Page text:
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News: Evolution
Neanderthal skulls (shown right) develop in a a similar size to modern humans (shown left). When they were born, Neanderthal brains were wider and flatter than modern humans. But after this, their brains developed in a similar way to ours. Image Credit: Daily Mail.
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by Archaeology Newsroom

Neanderthal brains grew in patterns similar to ours

A new comparative study shows

A new study of Neanderthal skulls yields similarities with ours in the way they grew. A team of researchers from the University of Zurich, Switzerland, examined 15 Neanderthal skulls, of six adults and nine children. With the use of software they produced 3D casts of the brain case, which allowed them to study patterns in the Neanderthal brain shape through childhood. The findings were compared with patterns of brain development in modern children.

The study showed that Neanderthal brains at birth were longer, wider and flatter than modern human brains. The Neanderthal brain grew a lot like ours, with areas such as the cerebellum expanding rapidly during childhood and then very slowly in early adulthood.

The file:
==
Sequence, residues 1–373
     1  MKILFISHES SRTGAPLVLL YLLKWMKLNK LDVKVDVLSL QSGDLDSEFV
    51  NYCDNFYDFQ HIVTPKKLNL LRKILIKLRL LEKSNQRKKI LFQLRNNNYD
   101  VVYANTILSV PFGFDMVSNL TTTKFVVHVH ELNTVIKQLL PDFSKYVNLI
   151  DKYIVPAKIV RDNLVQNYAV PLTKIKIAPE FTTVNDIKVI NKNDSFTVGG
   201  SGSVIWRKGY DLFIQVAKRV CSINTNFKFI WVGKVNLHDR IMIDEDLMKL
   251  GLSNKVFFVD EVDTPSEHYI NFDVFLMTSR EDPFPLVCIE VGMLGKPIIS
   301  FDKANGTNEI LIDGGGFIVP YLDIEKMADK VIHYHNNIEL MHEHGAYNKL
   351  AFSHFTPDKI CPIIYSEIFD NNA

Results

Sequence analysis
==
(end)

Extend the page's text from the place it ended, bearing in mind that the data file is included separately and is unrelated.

The team argues that similar patterns in brain development might indicate similar cognitive and therefore behavioural patterns. This theory is supported by the fact that Neanderthals, as archaeological evidence indicate, used similar symbolism, made similar technological advancements and perhaps had, just like we do, skill with language.

However, not all scientists agree that Neanderthals and modern-day humans were so similar. According to Philipp Gunz at the Max Planck Institute for Evolutionary Anthropology in Leipzig, Germany, Neanderthal brain and modern human brain might have been similar at birth but developed differently. He and his colleagues analysed the shapes of 9 Neanderthal skulls in 2010, as well as specimens used in the new study.

Neither does Emiliano Bruner, at the National Research Centre on Human Evolution in Burgos, Spain, embrace the new theory without scepticism. He argues that morphological similarities are irrelevant to cognitive ones.

The findings of the study were published in the journal Current Biology.

NOTES